The act of cooking for and feeding loved ones yummy wholesome food is deeply fulfilling. I didn’t completely understand that until I was an adult well into my food career. I went through a heart-wrenching breakup (boyfriend left me for best friend—you know the story), so I poured myself into my lunch business to shield myself from the pain. By cooking for others, I was nurturing them with food, and in turn, felt nurtured myself. I expanded the lunch business into a catering company and called it Alchemy Caterers, because I needed it to change my life, to turn the lead in my hurt into gold. I wanted my food to do the same for others and be a conduit for healing. I don’t know exactly what you need right now, but I do know that there’s comfort in food. Alchemy is all about transformation, and I want to change the way you experience food by cooking with love.

The only way you can make transformative food, even if it’s one of the simple dishes in here, is to cook it from the heart. You have to want to do it. If you’re not in a good mood and don’t feel like cooking, the only thing you should make is a restaurant reservation. And you can’t cook with fear. I didn’t grow up in the kitchen and I know how it feels to be intimidated by a recipe and be immobilized by that fear. I’m here to tell you it’s okay to mess up! I’ll help you avoid screwing up and tell you what to do in case something does go wrong.

Now, it’s time to have fun! I’m going to make sure you enjoy cooking for family and friends by sharing easy entertaining tricks I’ve learned from decades of catering. When you’re armed with tips from a pro, cooking with and for friends is the best way to have fun in the kitchen. One of the happiest moments in my life—my wedding day—came from doing just that. My husband, Matthew, and I celebrated our marriage with forty friends and family and a group of us prepared the food together. I didn’t stress over the planning or micromanage the meal. I just let everybody express themselves in the kitchen and it was awesome. I felt like I was on top of the world and I honestly can’t imagine a more memorable wedding day. But take my advice as a former caterer: Please don’t try this if you have hundreds of guests celebrating with you. LOL.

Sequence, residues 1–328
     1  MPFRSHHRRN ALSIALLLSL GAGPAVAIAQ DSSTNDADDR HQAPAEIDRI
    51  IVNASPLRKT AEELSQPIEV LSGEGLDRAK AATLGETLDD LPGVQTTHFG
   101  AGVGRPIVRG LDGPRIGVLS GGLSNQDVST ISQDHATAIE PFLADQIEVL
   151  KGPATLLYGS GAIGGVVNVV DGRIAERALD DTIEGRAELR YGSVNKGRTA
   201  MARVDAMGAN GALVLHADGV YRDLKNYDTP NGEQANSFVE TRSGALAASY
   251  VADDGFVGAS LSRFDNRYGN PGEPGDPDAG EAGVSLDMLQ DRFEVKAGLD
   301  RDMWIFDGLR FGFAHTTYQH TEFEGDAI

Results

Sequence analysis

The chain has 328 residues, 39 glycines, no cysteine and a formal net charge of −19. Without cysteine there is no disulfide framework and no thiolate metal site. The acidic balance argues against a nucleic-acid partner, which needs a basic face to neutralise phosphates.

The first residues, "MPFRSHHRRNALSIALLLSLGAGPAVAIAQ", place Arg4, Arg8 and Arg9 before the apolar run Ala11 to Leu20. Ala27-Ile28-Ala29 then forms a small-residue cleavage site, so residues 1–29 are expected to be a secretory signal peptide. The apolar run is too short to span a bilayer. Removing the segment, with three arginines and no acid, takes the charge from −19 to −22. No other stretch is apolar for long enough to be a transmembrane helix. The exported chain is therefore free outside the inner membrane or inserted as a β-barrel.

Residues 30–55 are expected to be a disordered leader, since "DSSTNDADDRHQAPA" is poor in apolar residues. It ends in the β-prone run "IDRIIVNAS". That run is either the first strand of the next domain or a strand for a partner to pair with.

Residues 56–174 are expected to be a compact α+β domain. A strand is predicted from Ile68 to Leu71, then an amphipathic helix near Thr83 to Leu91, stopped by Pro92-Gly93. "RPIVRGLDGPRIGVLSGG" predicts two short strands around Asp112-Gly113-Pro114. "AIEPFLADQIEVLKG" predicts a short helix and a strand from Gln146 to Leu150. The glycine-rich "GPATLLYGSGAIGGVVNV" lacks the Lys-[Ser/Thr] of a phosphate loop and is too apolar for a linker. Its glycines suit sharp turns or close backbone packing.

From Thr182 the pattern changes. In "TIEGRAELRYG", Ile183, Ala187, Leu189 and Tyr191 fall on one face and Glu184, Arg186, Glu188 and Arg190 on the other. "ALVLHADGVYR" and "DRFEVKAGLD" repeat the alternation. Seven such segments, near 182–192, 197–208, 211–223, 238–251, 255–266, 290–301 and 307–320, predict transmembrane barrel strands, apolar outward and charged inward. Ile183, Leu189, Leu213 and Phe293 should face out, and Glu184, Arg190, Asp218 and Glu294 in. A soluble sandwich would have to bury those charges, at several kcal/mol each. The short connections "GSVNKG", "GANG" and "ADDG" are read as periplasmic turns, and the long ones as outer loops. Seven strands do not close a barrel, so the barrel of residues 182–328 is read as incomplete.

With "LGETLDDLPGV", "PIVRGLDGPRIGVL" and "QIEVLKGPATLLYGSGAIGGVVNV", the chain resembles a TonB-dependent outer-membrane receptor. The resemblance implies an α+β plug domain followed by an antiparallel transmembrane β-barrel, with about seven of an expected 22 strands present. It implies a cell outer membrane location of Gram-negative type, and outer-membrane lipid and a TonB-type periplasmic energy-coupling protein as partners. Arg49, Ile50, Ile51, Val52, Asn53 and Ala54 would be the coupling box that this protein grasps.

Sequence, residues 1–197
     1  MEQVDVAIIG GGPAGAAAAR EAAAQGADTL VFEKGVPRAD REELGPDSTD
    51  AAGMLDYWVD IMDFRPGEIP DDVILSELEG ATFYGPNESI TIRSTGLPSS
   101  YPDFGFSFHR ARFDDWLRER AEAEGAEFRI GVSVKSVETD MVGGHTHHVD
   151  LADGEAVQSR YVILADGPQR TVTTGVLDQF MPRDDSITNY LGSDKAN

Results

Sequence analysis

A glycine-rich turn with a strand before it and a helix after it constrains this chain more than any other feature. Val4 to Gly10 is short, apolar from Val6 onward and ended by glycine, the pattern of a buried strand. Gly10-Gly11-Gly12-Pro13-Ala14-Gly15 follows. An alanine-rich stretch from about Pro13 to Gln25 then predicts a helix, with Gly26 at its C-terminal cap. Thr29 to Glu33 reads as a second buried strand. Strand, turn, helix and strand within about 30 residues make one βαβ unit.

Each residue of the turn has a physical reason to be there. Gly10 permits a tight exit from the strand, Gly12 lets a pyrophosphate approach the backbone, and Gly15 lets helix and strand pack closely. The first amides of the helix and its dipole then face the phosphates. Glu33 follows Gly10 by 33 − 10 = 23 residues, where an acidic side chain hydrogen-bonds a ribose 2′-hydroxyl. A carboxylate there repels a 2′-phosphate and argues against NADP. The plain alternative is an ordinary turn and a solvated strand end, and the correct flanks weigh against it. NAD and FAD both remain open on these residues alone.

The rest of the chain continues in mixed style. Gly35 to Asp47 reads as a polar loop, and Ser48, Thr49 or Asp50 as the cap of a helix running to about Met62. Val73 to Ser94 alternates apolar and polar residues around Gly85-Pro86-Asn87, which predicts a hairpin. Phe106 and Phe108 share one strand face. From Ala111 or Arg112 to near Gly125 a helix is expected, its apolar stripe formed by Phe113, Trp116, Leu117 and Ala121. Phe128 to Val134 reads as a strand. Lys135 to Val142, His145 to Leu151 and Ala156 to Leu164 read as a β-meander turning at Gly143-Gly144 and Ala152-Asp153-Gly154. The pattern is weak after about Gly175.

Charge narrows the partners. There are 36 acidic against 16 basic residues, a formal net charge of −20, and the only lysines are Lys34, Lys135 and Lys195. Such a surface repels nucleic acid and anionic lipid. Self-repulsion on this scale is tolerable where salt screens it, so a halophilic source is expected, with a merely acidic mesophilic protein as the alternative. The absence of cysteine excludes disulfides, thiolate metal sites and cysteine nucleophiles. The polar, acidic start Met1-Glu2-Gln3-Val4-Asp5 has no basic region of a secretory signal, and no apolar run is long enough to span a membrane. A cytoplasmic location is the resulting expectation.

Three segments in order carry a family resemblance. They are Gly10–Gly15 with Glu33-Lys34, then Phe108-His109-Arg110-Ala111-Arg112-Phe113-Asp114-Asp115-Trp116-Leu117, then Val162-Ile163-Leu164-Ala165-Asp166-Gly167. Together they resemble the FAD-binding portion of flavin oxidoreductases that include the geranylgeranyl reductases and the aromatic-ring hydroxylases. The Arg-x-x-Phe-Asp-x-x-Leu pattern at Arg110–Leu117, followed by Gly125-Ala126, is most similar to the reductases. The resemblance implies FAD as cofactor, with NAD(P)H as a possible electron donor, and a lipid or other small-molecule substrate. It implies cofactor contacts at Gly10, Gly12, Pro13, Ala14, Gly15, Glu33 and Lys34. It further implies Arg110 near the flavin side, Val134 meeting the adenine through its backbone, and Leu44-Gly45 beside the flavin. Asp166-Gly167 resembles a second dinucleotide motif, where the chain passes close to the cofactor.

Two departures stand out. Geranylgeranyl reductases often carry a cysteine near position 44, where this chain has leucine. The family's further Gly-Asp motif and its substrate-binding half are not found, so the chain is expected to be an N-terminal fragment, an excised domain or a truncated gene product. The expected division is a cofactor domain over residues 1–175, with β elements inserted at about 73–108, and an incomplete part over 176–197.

So, are you ready? With all my yummy recipes and tips, get excited to welcome friends and family over for big meals and good times!

 A little note: Any brand names of products I use in this book are included just because I like them!


Cheap and cheerful! That’s my motto for starting a meal. I don’t want to blow the bank on appetizers, but I want them to set the stage for a fun, inviting meal. Great starters get you ready for the main dish without upstaging it. As a caterer, I loved putting together little pinchy bites—the pretty individual servings that are as much about crafting as cooking. When I don’t have time to make those, I always whip up at least a simple dip or bowl of seasoned nuts. Just be sure to make enough! Nothing’s sadder than an empty appetizer dish. That’s why when I’m serving, I divide my appetizers among a bunch of smaller dishes. That way, as soon as a dish is almost empty, I can swap the whole plate. Otherwise, I find it time-consuming and messy to try to refill a dish with the food, plunking down the pieces one at a time while my friends stand around. After all, the whole point of appetizers is to have a tasty nibble while casually hanging out with family and friends. My little dish-swapping trick will let you chat up the whole room to build up to the fun you’ll all have at the table.

Down-Home Deviled Eggs with Smoky Bacon

Makes 24 egg halves

Growing up in the South meant being part of a wide and warm social circle. We were always visiting with friends and family at casual picnics, fancier teatime parties, and sit-down dinners. There was always a gracious spread of classic dishes and always a plate of deviled eggs.

I’ll never forget the time my sister, Kim, and I arrived at a party and, after exchanging pleasantries with the hostess, found that there were no deviled eggs on the buffet. I don’t know if the hostess ran out or never had them to begin with. Either way, we were scandalized. We ran to Mama and told her and there were a lot of whispers and raised eyebrows among the ladies after that. If you’re a Southern hostess, you’d better have deviled eggs and lots of them.